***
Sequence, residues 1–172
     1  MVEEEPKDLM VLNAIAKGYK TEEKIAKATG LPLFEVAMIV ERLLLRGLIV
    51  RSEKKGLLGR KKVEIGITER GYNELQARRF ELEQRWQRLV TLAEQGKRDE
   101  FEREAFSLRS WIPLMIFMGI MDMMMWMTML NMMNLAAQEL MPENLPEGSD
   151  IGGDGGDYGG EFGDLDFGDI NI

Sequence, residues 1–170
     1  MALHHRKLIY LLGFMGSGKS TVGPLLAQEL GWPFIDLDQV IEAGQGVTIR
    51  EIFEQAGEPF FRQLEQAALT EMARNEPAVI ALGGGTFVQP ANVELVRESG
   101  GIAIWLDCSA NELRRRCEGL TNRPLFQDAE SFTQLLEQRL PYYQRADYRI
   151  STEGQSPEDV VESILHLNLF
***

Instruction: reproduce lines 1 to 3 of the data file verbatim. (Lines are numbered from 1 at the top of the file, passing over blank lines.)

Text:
Sequence, residues 1–172
     1  MVEEEPKDLM VLNAIAKGYK TEEKIAKATG LPLFEVAMIV ERLLLRGLIV
    51  RSEKKGLLGR KKVEIGITER GYNELQARRF ELEQRWQRLV TLAEQGKRDE